The National Integrated Interagency Information (N-III) system, a groundbreaking information sharing initiative for police, public safety and federal agencies across Canada, will be a topic of discussion at the CACP annual conference in Montreal on August 24.
Headed by the RCMP, N-III will initially consist of two tools: the Police Information Portal (PIP) for law enforcement agencies and the Integrated Query Tool (IQT) for federal government departments and public safety agencies. IQT will provide access to police information through a governance-based access control (GBAC) filter, which aims to ensure that various information sharing laws are respected and agencies only access the data to which they are legally entitled.
The project began roughly four years ago and is scheduled for implementation in the spring of 2009. Currently, 172 of the 192 police agencies across Canada will participate. The remaining 20 are expected to join after resolving technology-related issues. As many as eight federal agencies may also be involved.
“There is nothing like it,” said Superintendent Charles Richer, N-III project director, RCMP. “As far as records management systems go, there’s nothing out there, has never been anything and this is groundbreaking with respect to providing that kind of information to police officers everywhere.”
PIP is a searchable index of all police agency Record Management Systems (RMS) across the country. Rather than connect the systems to each other, PIP operates as an information broker, explains the RCMP Web site. “The PIP portal sits among all participants, acting as an information search engine and request broker. Individual agencies decide what information they want to make available to other law enforcement agencies, while retaining ownership of the data. The portal contains only an index of information and not the contents of an electronic record.”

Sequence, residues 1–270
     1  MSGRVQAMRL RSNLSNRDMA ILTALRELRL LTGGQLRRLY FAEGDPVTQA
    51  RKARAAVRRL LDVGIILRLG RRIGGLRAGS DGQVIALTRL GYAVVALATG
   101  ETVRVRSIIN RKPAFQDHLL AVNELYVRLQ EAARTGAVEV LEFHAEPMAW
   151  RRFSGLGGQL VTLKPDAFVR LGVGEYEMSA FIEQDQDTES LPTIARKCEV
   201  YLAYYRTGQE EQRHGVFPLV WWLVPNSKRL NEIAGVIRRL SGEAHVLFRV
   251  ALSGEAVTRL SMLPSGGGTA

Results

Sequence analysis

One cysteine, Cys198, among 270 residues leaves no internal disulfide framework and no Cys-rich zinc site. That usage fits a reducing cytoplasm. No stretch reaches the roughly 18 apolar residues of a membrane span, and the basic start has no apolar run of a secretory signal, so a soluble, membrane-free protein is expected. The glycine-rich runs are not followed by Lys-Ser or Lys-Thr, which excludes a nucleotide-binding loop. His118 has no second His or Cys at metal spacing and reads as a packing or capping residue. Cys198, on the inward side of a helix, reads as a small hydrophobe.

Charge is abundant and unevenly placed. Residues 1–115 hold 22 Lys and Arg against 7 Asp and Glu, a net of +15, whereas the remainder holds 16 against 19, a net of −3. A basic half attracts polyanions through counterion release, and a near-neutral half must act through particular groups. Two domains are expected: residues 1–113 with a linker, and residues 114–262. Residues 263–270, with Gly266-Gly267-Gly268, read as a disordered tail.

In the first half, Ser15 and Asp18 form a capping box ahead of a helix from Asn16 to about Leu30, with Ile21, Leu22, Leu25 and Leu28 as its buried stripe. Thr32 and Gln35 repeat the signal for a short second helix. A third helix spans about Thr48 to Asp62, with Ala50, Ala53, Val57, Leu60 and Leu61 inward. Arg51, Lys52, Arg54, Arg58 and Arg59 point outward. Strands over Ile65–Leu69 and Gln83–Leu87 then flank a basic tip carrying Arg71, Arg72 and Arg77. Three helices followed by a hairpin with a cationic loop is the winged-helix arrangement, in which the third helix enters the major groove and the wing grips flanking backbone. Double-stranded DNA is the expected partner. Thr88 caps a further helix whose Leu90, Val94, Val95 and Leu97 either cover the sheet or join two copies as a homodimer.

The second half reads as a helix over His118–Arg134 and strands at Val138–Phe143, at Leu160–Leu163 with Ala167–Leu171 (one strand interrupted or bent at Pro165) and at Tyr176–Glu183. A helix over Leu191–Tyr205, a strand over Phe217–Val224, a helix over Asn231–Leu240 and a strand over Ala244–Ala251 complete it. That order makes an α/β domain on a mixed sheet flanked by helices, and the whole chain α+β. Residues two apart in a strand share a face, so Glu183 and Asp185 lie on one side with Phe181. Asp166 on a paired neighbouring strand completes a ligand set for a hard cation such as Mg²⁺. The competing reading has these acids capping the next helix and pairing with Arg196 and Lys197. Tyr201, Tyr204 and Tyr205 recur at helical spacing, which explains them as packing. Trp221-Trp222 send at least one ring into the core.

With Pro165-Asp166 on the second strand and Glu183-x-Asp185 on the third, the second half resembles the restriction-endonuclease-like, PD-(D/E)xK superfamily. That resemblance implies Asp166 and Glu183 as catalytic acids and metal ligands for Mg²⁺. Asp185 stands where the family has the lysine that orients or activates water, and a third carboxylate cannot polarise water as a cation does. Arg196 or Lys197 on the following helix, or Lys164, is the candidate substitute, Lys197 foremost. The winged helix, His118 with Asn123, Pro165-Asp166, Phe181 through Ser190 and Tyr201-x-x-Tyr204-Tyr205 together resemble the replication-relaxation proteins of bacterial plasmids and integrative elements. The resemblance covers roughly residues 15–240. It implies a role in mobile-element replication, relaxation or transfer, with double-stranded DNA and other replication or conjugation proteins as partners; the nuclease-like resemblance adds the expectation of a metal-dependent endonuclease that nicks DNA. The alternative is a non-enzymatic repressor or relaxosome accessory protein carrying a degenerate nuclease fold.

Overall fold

Inspired by provincially-run initiatives in BC and Ontario, PIP utilizes pre-existing networks. “It’s more about having record management systems that can speak to each other,” said Richer.
The London Police in Ontario spearheaded PIP efforts in Ontario. “When it comes to sharing of information, it’s always a challenge to try and put something together that will serve the needs nationally. We’ve worked with a number of agencies across Canada to try and make that happen and in fact, it has happened,” said Eldon D. Amoroso, senior director of Support Services Division at London Police Services and co-chair of CACP. Amoroso received the Order of Merit of the Police Forces at the Officer (O.O.M.) level this past May in recognition of his contributions over the past 28 years.
According to Amoroso, PIP will provide officers with information that the Canadian Police Information Centre (CPIC) can’t. “We’ve had CPIC for 35 years. But it deals more with the hard facts, such as if there is a warrant for arrest for a person or if there is a court appearance…there may not be any charges at all.” PIP “is the 95 per cent of the data that wasn’t being shared.”
Richer made a similar point. “CPIC is not about the same thing…that’s information that’s put on there by police agencies…as a result of some kind of action, if you will. Whereas records management systems are about all the information that police officers collect in the course of a day.”
“[PIP] is really targeted to help the front line officer and the investigator know who they are dealing with,” said Amoroso. “You have everything from very sophisticated offenders who move from one jurisdiction to another to avoid detection, or you may get a predator operating in a large, geographic area and you want to know what everyone else knows…there may be a situation where one police agency has him stopped for one thing and another police agency has information on him for a completely different thing. But when you put it all together, it helps the investigator connect the dots. It could be everything from organized crime to terrorism.”
While information sharing initiatives may stir up privacy rights concerns, criminals such as Paul Bernado have taken the lack of information sharing across jurisdictions to their gross advantage. Mr. Justice Archie Campbell highlighted the need for police information sharing in the 1996 Bernardo Investigation Review.
“That’s where all this stemmed from, sharing information,” said Richer. “You can solve crimes, you can save lives, that’s pretty much what we’re about.”